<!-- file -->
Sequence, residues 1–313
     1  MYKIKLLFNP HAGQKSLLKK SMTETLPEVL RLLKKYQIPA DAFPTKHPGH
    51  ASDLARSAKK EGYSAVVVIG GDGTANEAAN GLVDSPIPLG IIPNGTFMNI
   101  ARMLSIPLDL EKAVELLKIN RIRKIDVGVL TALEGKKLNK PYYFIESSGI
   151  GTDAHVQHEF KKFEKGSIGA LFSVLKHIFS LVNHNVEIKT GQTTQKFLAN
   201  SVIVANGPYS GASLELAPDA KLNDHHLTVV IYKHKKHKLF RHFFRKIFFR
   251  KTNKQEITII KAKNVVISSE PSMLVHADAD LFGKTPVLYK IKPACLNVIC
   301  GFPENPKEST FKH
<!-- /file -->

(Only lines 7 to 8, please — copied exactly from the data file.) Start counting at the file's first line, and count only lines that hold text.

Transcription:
   251  KTNKQEITII KAKNVVISSE PSMLVHADAD LFGKTPVLYK IKPACLNVIC
   301  GFPENPKEST FKH